How to Install Asphalt Shingles

If your roof is missing shingles or if the shingles are cracked, broken or even just curling at the edges, you should consider installing new shingles. Replacing roofing is not a job for everybody - it's a heavy, tedious job and requires you to work off ladders and right up on the roof itself. However, shingling is not overly complicated, and it is a job homeowners can do themselves (or preferably with the help of two or three friends).

Shingles are sold in "squares" that cover an area of 100 square feet. An individual shingle is 36 inches long and 12 inches wide with tabs cut every 12 inches halfway through the width of each shingle. At the base of the tabs is a line of soft tar that will soften in the heat and help seal the shingles to the roof.

Calculating needed supplies

  1. Measure the length and width of the roof sections to calculate the square footage to be covered, then add 10 percent for wastage, dividing the result by 100 (to determine the number of squares you will need).

  2. Use the square footage of the roof to determine the amount of roofing felt needed to cover the entire roof (under the shingles) and the amount of waterproof membrane needed to cover the lower edge of the roof and protect it from moisture.

  3. Calculate the amount of roofing nails you will need using the fact that each square of shingles will require approximately 2 1/2 pounds of roofing nails (use galvanized roofing nails with a 3/-8 or 1/2-inch head).

Preparing the roof

  1. Remove the old shingles using a square-tipped spade or, better yet, a roofing shovel. (A square-ended shovel with teeth can get under nail heads and pull them out).

  2. Check that the roofing material (plywood or strand board) is in good shape (no rotten spots), and is nailed down firmly.

  3. Replace any rotted sections and add nails if necessary to hold the wood solidly in place.

Shingling the roof

  1. Start at the lower left-hand corner (as you face the roof) and install the "starter course." You do this by removing the tabs from the shingles used in this starter course and nailing these "half shingles"' with the cut side facing out. Cut 6 inches from the length of the very first shingle placed in the lower left-hand corner and then butt the rest of the shingles in the row all along the lower edge of the roof. Overlap the roof edge by about a 1/2 inch.

  2. Begin installing the first row of shingles again at the lower left-hand corner. Start with a full shingle in the corner (again overlapping the roof side and edge by about a 1/2 inch) right over the starter course. Snap a chalk line at the top of this shingle as a guide for when you install the rest of the rest of the row.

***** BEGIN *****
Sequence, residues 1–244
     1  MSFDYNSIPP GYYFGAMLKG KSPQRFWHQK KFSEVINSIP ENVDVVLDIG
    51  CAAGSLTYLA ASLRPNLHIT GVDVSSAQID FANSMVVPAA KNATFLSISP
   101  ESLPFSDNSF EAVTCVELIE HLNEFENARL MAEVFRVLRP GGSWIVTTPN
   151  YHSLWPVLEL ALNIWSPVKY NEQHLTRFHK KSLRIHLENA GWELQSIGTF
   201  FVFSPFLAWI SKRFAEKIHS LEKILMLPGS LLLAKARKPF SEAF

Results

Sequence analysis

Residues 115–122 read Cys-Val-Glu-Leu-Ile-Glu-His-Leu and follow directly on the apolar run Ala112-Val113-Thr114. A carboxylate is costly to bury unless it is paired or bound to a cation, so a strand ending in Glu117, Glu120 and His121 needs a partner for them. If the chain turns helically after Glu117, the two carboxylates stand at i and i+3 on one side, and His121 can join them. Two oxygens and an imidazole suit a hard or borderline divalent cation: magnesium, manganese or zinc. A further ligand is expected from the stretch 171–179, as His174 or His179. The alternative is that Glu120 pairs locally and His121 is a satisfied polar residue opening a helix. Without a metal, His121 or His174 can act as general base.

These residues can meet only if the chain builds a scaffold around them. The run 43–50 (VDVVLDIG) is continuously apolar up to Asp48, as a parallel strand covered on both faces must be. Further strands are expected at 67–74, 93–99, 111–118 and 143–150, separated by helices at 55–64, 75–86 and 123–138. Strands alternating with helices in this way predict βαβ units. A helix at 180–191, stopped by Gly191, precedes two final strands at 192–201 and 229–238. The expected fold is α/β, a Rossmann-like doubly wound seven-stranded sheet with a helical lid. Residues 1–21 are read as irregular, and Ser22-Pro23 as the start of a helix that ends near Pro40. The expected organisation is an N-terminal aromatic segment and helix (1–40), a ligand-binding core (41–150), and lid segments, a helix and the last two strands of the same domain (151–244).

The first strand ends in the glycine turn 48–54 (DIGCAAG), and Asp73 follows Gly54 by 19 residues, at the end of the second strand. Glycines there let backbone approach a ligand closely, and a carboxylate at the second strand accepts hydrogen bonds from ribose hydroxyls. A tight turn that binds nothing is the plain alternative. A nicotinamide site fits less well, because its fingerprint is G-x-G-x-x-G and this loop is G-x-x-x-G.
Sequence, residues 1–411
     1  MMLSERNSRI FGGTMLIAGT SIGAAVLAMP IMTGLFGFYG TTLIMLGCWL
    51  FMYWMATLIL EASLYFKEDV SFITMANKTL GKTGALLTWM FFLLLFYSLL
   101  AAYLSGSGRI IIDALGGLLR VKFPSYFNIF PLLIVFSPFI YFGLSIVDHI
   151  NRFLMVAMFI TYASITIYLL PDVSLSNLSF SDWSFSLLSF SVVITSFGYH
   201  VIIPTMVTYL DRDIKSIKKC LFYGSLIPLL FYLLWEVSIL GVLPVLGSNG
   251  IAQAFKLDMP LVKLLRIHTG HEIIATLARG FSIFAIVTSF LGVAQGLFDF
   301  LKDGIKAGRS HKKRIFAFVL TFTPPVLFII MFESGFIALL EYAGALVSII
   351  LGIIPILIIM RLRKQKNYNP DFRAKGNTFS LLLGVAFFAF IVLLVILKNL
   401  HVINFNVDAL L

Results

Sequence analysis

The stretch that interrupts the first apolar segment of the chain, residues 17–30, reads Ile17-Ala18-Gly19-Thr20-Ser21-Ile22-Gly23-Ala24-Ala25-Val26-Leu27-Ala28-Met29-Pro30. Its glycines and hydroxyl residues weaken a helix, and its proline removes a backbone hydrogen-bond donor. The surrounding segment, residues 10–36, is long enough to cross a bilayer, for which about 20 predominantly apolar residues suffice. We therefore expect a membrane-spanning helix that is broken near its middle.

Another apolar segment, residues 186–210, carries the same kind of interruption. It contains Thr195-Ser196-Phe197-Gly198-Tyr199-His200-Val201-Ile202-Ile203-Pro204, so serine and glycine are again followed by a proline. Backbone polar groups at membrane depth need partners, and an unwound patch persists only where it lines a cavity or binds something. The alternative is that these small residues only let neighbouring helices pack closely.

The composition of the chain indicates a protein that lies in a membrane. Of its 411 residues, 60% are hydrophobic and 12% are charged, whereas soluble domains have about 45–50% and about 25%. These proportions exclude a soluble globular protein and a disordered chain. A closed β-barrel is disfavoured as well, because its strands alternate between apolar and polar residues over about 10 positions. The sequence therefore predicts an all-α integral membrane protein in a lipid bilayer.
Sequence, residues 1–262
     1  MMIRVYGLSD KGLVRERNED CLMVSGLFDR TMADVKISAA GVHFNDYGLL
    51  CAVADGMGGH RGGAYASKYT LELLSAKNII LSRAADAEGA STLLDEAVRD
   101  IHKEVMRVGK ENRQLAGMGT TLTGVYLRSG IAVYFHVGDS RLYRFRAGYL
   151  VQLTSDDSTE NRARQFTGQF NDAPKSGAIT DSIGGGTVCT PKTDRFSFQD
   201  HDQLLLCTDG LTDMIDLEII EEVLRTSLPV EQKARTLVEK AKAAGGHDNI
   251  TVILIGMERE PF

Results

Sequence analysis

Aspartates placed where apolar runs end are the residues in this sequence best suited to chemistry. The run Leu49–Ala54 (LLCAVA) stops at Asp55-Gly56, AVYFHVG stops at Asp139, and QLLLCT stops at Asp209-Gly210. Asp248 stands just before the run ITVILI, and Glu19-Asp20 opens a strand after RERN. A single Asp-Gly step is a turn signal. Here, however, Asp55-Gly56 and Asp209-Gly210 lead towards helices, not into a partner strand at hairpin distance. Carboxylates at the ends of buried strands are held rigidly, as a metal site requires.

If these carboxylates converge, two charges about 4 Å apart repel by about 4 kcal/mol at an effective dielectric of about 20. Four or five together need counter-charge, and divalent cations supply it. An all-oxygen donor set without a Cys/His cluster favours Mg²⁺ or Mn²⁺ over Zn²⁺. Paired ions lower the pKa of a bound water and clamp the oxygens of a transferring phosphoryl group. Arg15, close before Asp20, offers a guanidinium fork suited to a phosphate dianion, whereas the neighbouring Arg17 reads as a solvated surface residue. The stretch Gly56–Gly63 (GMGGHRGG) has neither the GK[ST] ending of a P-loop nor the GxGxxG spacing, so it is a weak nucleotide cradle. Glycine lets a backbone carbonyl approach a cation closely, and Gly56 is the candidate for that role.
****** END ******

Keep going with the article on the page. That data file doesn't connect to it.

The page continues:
3. Move on to the first shingle in the second row by cutting 6 inches off the length and installing it over the starter shingle in the first row. Line up the bottom edge of this shingle with the top of the tabs in the first row of shingles.

  4. Continue installing shingles at the left edge of the roof, cutting 6 inches off the length of the first shingle in every other row. By installing shingles up before moving along the roof, you eliminate moving across the width of the roof with each row. The first shingle in the seventh row will be a full shingle.

  5. Start working your way across the roof after installing the first shingle six rows up. Butt the shingles against each other and fasten the shingles with four nails each. Trim the shingles at the far side of the roof so they overlap the roof edge by the same 1/2 inch as on the starting side.

  6. Continue this process until you reach the top of the roof where you will trim the shingles to fit along the ridgeline. Follow the same process on the other side of the roof, starting at the lower left-hand side and working up and out until you reach the top. Overlap the shingles in the top row of the second side to cover the ridge and nail them in place.


  • Working on the roof can be dangerous. Secure your ladder at the top and bottom, and always let someone know you are working on the roof.
  • Shingles are heavy. Don't try to be a hero and climb with a big load. It may take a little longer but it's safer to make two trips.
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